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No rest for the winners

Eckerd men's basketball coach Jim Harley sat on the bench outside McArthur Gymnasium on Monday waiting for his players to return from class.

It had been an astonishing weekend for the Tritons, who shocked everyone by winning three games in less than 48 hours to capture their first Sunshine State Conference tournament championship and gain an automatic berth in the NCAA Division II tournament.

But Sunday's 77-71 victory over Tampa was just the beginning of another hectic 24 hours.

NCAA officials Sunday evening said Eckerd would play Wednesday in Spartanburg, S.C., against Wofford. Around midnight, Harley found out Eckerd would actually play tonight at 7:30 because of a conflict with a women's basketball game that had previously been scheduled in Spartanburg.

The players went to class Monday thinking they were playing Wednesday. Assistant coach Tom Ryan didn't know about the time change until he got to campus Monday afternoon.

"The players are exhausted," said Harley, who won his 500th game earlier this season and claimed his first SSC tournament title in 31 years at Eckerd. "Sure, we would have liked to rest but it just means that we get to fly now."

And that's something none of the players seem to mind.

"We might have had to take a bus trip if it had worked out the other way," said senior forward Josh Bohlander. "It shouldn't be too bad for us. We're ready to go."

Indeed, the Tritons (15-12) are.

After a mediocre season which saw Eckerd lose six games by less than three points, the Tritons finally displayed their strength and saved their finest performance in years for the SSC tournament.

"It was a frustrating season for us. We knew we had the talent and thought we could do better all along," said junior Rodney Chatman, the former Boca Ciega star who has emerged as one of the premier players in the conference. "But we were losing the close ones. We just needed to click and make something happen. We knew we could do it."

Actually, Chatman and junior teammate Floyd Watkins talked about what it would take the night before the tournament began.

"This is our trilogy," said Chatman, who was named the most valuable player of the tournament. "We thought of it Thursday night and spent the weekend making it happen."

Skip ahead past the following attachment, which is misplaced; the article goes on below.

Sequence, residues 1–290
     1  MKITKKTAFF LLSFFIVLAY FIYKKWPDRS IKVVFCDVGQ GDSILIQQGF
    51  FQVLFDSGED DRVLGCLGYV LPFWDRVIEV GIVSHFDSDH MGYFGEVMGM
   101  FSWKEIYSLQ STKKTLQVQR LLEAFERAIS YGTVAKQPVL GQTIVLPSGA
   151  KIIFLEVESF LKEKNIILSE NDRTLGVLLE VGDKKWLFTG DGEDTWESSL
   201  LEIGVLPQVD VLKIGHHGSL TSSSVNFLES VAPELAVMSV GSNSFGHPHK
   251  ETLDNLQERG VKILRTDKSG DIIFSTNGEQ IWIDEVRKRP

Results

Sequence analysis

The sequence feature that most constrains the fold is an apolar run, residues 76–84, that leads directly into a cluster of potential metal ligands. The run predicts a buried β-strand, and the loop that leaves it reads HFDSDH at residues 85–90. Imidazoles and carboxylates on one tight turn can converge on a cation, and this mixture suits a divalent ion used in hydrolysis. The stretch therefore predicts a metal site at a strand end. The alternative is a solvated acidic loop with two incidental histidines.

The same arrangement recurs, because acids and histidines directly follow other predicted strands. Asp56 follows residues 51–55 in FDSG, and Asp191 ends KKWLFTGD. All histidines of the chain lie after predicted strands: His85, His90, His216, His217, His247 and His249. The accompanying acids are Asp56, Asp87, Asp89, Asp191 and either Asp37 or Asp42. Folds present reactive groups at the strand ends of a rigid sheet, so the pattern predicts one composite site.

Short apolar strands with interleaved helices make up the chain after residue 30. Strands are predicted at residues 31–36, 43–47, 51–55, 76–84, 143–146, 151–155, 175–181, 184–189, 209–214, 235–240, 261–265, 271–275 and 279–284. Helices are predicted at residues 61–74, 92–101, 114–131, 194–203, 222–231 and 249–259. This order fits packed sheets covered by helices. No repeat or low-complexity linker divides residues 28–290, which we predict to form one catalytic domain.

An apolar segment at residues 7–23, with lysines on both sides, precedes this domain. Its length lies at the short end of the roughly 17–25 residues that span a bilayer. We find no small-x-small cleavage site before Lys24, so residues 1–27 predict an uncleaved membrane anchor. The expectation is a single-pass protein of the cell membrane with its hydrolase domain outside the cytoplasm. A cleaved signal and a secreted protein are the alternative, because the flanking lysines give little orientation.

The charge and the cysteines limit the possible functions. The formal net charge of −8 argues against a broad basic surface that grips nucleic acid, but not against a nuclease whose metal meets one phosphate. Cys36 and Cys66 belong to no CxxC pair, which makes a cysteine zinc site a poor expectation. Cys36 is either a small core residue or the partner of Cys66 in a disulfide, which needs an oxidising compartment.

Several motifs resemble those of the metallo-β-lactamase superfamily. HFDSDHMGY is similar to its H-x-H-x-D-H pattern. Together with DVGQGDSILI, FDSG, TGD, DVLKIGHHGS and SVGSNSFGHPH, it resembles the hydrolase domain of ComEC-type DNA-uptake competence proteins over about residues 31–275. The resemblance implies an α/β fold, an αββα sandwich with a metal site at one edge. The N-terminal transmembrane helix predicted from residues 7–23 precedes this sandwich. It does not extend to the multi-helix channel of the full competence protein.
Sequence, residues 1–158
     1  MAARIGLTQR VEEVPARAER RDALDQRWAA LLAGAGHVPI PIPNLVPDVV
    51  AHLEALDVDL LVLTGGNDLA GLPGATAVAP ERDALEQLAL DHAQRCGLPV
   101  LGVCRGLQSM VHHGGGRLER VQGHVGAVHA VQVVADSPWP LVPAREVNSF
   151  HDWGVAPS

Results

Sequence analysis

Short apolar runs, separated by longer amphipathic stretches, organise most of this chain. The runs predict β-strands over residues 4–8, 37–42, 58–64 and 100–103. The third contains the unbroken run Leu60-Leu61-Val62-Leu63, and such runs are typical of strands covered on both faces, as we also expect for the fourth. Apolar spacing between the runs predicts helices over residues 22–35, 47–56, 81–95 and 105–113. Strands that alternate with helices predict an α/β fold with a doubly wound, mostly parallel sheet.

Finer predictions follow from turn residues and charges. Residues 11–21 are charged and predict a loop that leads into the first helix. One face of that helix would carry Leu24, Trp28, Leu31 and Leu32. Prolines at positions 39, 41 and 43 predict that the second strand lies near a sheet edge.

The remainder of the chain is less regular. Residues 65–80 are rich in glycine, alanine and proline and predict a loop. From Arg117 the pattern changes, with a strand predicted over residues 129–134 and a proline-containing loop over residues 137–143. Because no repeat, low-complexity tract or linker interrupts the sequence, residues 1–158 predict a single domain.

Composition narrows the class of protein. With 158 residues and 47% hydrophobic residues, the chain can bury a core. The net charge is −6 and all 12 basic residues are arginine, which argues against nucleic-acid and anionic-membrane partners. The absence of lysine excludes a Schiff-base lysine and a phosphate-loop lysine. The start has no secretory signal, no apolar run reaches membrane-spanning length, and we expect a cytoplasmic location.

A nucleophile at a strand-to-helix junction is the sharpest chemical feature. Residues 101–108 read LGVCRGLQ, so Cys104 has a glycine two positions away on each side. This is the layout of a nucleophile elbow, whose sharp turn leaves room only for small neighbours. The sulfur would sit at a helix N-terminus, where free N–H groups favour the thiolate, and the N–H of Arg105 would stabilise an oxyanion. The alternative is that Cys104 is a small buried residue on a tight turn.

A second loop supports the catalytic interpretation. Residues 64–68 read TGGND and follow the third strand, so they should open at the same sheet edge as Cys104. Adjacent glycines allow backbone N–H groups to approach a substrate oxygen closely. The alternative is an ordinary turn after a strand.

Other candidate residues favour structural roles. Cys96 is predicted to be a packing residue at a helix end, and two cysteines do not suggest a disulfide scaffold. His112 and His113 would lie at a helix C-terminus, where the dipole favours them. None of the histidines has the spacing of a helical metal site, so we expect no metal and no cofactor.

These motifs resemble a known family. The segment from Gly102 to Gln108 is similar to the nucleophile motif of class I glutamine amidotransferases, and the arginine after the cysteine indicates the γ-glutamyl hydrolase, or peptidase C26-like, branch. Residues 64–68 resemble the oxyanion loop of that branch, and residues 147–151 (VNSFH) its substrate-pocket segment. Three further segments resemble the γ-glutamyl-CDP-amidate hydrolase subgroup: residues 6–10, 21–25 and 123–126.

Chatman, averaging more than 20 points per game while playing shooting guard and low post in the tourney, has become a feared inside threat with creative moves. The smooth Chatman, however, can also hit the perimeter jumper.

"Rodney has reached another level," Harley said. "He is what Eckerd is all about. A student athlete with a purpose who has done the most with the opportunity he has had."

Chatman was an unheralded Boca Ciega guard who chose Eckerd over two other smaller schools.

"I just wanted to become the best all-around player that I could," Chatman said. "I'm doing that at Eckerd."

Along with Chatman, sophomore guards Shane Vogt (Chamberlain) and Lateef Duncan have contributed heavily in the backcourt while 6-foot-9 center Kerwin Thompson of Point Fortin, Trinidad, Bohlander and Diego Chin-a-sen have given Eckerd the most depth Harley has had in years.

"We're hot right now," Chatman said. "We're playing on desire, emotion and our talent. That can take you a long way. We don't want to wait around any longer than we have. We're ready."


Who: Eckerd Tritons vs. Wofford Terriers.

What: NCAA Division II South Regional first round.

When/where: 7:30, Spartanburg, S.C.

TV/radio: None.

Coaches: Wofford (Richard Johnson); Eckerd (Jim Harley).

Key players: Eckerd _ Rodney Chatman, 6-4, Jr. F/G (18.9 ppg); Kerwin Thompson, 6-9 Jr. C (8.7 rpg). Wofford _ Matt Allen, 6-6, Sr. F (17 ppg); John McGinnis, 6-7 Sr. C (12.5 ppg).

Notes: Chatman must be able to move around the court and create shots. Depth will be the key for the Tritons, who have used it wisely. Diego Chin-a-sen came off the bench to score 22 points in a first-round SSC tourney win over Barry University. The senior leadership of Josh Bohlander and Thompson could prove pivotal in a tight game while guards Shane Vogt and Lateef Duncan must be able to handle Wofford's intense defensive pressure.